The point of this article is to question whether you should comply with edicts or ideas that do not follow facts or logic very well. Much of what we come in contact with these days is propaganda. The difference from what we see today and earlier, nearly comic, propaganda is it is now based on semi-truths. Easier to relate to. When you see material that aims to generate emotion rather than inform you, you should be careful.
I subscribe to the Friday publication “Accountable Freedom.” It is interesting and usually thought provoking.
The one on 27 August was both. Freedom Requires Accountability
It deals with Covid-19, Vaccination, masks and our duties to society.
It makes several assertions that on the surface seem reasonable, but if you think about it, maybe not so much These include:
“freedom has never been an absolute” Perhaps it could be argued that any time my freedom affects no one and nothing else, that it is absolute, but since those conditions are so rare, it’s acceptable to think of it as not absolute. When our actions affect others, we must consider that in deciding how to act.
“ in the aftermath of September 11 …. we accepted new security protocols.” Keeping us safe is a good idea. Other than to quibble about “accepted” rather than “responded benignly to” the imposition of security protocols, I accept the premise. TSA has not exactly been a paragon of efficiency and respect. If we had known how intrusive and likely near useless it is, I doubt accepted would have happened.
“it’s somehow been too much to ask people to wear a mask to do the same,” The relationship to 9/11 is a false comparison. The 9/11 result is a fact, the masks helping us be safe is not. More an opinion. There is science on both sides of the argument. False comparisons are used to generate emotion.
“delta variant of COVID-19 …. has completely overwhelmed medical systems around the world” I have checked and discover that is not true. There are instances of it, but not many are overwhelmed. Again an emotional response is expected.
“our individual actions with respect to COVID-19 impact many more people than just ourselves and our immediate families” An anecdote about an irresponsible person who affected 80 people. Not infected – affected. Anecdotes are not evidence of anything, and in this case it does not imply that any significant number of people will act against the interests of society as a whole. Again an emotional response is expected.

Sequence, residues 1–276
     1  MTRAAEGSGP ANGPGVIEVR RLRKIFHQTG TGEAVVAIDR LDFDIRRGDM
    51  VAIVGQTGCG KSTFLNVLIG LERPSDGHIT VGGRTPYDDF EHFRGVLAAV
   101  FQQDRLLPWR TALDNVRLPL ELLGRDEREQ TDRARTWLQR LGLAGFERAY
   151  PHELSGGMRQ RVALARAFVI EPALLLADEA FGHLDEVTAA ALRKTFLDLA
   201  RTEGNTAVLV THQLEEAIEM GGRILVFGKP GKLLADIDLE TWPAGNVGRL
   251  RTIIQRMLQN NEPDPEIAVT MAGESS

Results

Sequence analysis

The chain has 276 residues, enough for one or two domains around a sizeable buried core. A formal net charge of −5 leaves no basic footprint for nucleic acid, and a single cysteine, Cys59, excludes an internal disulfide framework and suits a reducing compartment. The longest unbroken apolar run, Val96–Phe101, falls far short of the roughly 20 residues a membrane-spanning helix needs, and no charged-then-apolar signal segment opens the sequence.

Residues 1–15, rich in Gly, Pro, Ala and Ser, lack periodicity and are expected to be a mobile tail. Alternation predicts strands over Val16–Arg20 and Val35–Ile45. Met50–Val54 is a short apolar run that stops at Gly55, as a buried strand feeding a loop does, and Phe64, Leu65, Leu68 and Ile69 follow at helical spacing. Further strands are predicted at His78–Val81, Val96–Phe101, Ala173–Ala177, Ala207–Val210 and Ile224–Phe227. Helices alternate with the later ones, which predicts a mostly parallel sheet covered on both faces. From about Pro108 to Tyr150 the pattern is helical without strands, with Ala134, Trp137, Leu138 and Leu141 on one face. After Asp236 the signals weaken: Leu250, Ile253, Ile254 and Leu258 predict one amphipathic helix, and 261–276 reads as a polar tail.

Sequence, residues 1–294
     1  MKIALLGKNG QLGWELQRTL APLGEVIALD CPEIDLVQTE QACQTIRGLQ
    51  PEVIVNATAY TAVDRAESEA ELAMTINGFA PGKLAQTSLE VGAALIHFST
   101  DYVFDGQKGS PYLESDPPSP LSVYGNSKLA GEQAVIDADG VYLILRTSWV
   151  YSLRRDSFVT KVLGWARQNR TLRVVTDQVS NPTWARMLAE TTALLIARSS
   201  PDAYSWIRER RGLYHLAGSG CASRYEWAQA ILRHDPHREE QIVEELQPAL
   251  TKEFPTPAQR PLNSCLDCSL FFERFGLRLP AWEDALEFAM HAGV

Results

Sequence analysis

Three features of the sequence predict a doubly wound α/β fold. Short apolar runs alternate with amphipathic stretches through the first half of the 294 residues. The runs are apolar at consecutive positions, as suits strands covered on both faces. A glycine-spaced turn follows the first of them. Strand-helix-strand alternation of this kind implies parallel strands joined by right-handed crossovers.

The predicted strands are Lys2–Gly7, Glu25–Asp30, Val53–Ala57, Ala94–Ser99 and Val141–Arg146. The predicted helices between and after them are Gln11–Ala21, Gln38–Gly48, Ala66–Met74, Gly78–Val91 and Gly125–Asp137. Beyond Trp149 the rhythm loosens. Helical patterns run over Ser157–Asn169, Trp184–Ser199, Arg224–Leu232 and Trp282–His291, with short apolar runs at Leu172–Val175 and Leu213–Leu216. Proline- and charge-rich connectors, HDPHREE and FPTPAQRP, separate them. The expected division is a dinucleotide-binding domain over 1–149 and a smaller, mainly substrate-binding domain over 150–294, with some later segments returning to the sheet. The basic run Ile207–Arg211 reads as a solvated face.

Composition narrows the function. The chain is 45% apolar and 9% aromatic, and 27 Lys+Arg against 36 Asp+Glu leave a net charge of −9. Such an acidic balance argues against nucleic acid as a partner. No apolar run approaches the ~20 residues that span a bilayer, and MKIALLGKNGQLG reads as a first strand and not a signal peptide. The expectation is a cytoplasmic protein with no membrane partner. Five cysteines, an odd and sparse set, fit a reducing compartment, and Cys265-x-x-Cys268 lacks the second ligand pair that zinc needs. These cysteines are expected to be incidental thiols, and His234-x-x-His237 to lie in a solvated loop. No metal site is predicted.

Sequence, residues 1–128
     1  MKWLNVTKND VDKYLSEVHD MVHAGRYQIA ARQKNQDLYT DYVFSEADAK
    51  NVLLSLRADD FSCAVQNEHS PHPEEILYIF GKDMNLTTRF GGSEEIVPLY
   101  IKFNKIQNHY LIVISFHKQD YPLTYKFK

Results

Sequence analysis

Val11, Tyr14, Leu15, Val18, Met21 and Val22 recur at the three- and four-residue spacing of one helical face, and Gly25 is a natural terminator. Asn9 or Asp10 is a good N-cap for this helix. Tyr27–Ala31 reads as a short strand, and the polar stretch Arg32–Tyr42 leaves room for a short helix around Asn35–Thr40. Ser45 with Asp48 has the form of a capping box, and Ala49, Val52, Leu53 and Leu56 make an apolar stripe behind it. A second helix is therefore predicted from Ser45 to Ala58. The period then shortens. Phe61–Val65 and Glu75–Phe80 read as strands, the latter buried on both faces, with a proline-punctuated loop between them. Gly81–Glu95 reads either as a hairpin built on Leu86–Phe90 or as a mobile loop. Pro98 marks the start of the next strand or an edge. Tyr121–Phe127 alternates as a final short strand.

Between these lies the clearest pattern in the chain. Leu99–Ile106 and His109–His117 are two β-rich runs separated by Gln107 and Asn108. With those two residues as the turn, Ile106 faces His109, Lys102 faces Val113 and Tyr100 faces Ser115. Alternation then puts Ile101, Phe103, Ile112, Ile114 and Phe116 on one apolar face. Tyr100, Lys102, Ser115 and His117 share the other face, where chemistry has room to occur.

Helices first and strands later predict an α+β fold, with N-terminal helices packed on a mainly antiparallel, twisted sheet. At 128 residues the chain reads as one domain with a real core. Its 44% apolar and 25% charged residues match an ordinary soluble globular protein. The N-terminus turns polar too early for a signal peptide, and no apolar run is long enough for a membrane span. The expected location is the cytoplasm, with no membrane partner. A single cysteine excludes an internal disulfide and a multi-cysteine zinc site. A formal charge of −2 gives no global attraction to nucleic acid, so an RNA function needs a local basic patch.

“That’s not a defensible expression of individual freedom; it’s reckless indifference to the welfare of others.” In respect to the previous thought. An opinion. The connection to reckless indifference of many is not connected at all.
” we should view COVID-19 the same way we view drunk driving,” Another false comparison. Attempting to attach Covid cause and effect to something that is totally dissimilar. We all dislike drunk driving, but the evidence to support the aversion is quite compelling. Masks are more symbol than protector. The science is clearly ambiguous on this one. You could look.
“the calculus used to justify declining to get vaccinated. No one believes they will be among the unlucky one or two percent, even though millions have been worldwide.” Actually that is far from a complete description of the calculus. Reported to date there are about 215 million cases worldwide and 4.5 million deaths. The 215 million cases represents the cases among the total population of 7.9 billion. 2.7% with a death rate of 2.1% among those who contract the disease and most of those are over 70 or have serious co-morbidities. So even if averages made any sense, which they don’t, there is 1 in 37 chances of getting the disease and 1 in 47 of dying if you get it.. Based on these gross numbers, The odds are 1 in 1737 you might die from the disease. It is closer to 1 in 100,000 among the very young. Know your personal situation and apply it to your decision.